Another structural aspect of anatomies is the tendency, as in Petronius’s Satyricon, to gather together individuals representing all social classes and/or to represent the pedant-hero undergoing a voyage that includes both the upper echelons of society and the underworld. It should come as no surprise, accordingly, that after Stuartt’s encounter with the Harlem underworld—ending, as it does in Thurman’s book, with dispersal and disillusionment—the second half of Gentleman Jigger takes us through another kind of underworld, the Mafia, in which low-class figures live aside the wealthiest classes of U.S. society.

The Stuartt we encounter in part two, now living in Greenwich Village, is almost a new being; he has grown his hair long, and, as Bum describes him, “the kid sparkles.” Whereas in the first half of the fiction Stuartt presented himself as a knowing wit, here we see him admitting to Ray, a young handsome Italian vaguely connected with the mob, that he has never had a gay sexual experience before. His clumsy attempts at love are met with a feeling from Ray that he needs to protect and educate the innocent neophyte. This new Stuartt, moreover, although still very much a philosophus gloriosus, is far more modest and honest in expressing his ideas. In Niggerati manor he lived without a job in utter poverty; now he is selling his art, and his apartment has become a meeting place for Village artists, young hoodlums, and visiting art patrons—the perfect location, of course, for his further musings on various subjects, sacred and profane.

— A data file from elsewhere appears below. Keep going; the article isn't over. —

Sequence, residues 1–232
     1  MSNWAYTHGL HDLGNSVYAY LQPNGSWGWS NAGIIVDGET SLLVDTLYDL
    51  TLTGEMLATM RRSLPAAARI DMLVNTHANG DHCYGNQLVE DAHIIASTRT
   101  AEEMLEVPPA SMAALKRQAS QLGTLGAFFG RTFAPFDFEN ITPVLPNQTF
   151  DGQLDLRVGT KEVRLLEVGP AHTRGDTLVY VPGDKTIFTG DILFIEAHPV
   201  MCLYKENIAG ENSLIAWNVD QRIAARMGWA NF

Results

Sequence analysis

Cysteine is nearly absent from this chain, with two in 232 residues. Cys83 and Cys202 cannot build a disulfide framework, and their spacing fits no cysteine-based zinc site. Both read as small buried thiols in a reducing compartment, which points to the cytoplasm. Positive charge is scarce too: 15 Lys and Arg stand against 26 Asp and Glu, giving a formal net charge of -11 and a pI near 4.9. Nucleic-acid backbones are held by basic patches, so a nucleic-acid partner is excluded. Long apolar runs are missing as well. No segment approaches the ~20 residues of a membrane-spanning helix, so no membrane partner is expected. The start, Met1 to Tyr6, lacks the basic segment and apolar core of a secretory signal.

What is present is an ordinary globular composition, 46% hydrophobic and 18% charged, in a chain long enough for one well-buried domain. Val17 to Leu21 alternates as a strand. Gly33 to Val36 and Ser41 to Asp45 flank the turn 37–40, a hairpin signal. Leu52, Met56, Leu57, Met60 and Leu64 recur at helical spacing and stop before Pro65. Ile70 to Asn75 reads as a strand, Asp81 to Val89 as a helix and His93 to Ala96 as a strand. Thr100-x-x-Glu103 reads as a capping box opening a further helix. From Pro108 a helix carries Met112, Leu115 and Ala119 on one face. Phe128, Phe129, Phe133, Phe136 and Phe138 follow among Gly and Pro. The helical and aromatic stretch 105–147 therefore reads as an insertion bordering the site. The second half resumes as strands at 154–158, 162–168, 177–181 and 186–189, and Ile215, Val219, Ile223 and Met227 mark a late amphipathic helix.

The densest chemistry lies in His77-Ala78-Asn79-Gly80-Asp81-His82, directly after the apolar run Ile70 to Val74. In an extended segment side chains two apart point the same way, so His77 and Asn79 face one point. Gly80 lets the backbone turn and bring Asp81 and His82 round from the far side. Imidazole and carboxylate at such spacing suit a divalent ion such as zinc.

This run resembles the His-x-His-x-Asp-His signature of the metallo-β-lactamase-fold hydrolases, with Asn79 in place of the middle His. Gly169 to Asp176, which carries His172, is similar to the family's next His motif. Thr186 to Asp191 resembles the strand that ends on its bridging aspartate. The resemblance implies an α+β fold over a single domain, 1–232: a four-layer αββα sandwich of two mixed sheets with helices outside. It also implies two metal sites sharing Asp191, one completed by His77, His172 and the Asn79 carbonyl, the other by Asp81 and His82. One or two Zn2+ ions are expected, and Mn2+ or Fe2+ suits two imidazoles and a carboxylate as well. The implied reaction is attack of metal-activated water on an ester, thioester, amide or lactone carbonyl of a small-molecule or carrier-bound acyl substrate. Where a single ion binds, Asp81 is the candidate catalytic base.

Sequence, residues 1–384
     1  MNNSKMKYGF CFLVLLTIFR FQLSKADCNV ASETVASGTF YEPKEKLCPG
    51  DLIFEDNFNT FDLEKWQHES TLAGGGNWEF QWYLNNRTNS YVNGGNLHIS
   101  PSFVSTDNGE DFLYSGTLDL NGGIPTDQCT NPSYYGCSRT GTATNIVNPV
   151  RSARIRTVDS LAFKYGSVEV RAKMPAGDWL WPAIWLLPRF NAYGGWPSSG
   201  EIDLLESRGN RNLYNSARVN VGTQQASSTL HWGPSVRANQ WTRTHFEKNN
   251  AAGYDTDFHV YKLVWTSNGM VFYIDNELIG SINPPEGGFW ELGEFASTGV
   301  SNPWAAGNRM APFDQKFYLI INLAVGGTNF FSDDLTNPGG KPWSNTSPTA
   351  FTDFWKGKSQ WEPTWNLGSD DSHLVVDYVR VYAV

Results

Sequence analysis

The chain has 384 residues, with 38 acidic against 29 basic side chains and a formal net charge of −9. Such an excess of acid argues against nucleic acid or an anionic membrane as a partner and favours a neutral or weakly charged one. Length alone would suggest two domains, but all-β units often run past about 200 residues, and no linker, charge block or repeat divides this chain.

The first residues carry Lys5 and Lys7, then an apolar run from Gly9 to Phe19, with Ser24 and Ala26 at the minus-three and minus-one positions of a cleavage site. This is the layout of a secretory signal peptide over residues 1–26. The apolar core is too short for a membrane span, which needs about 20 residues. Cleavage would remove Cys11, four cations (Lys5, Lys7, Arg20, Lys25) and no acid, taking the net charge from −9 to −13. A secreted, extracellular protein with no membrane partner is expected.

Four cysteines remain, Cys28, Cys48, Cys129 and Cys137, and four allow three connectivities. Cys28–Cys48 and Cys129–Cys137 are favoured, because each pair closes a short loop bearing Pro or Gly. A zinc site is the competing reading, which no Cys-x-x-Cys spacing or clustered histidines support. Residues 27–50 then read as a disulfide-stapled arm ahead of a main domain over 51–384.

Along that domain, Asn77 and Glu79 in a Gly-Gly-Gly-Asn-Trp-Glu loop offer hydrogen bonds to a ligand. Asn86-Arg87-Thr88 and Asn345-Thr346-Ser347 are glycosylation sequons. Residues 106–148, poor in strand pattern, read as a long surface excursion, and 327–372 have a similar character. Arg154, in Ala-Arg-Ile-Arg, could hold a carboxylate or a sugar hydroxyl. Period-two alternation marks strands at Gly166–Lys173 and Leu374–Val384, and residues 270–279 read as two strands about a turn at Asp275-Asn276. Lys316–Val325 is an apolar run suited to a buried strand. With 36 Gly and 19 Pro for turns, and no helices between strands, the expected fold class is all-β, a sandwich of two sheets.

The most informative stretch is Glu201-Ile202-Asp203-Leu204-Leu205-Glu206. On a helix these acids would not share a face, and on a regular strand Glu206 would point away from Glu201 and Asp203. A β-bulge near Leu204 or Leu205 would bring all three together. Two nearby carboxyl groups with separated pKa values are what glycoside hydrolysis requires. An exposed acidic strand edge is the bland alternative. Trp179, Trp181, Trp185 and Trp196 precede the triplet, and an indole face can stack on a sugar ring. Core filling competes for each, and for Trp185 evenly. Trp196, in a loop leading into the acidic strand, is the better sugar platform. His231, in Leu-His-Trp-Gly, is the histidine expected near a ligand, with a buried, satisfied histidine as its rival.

So fabulous are the characters in this section that it becomes hard to tell whether or not Nugent is still writing a roman à clef or has abandoned it for pure fantasy. If the events are accurate, as Wirth suggests, we must rewrite the annals of gay history to include noted Mafia members. But in another sense, it makes no difference, since the overriding structure of the book continues to be the form of the anatomy.

After his affair with Ray, Stuartt moves up the Mafia social ladder by taking up with “the biggest shot known to Ray,” Frank Andrenopolis, the so-called “Artichoke King,” (a character likely based on mobster Ciro Terranova, who controlled much of New York before “Lucky” Luciano). Although generally heterosexual, Frank, who has been turned into the police by his moll, casually begins a sexual relationship with Stuartt that only enhances the young artist’s reputation. On a trip to Chicago, the two encounter the big mob leader, Orini (based on Luciano), to whom Stuartt takes an immediate disliking; offended, Orini drives Stuartt to his lakeside mansion, undetermined whether to beat him or make love. Playing dangerously with Orini’s notions of manhood, Stuartt escapes the beating, and woos the mobster into bed. Stuartt also attracts the attention of Bebe, Orini’s mistress, and threatens to sign her and himself as dance performers at a local club, unless Orini is willing to buy her out of the contract.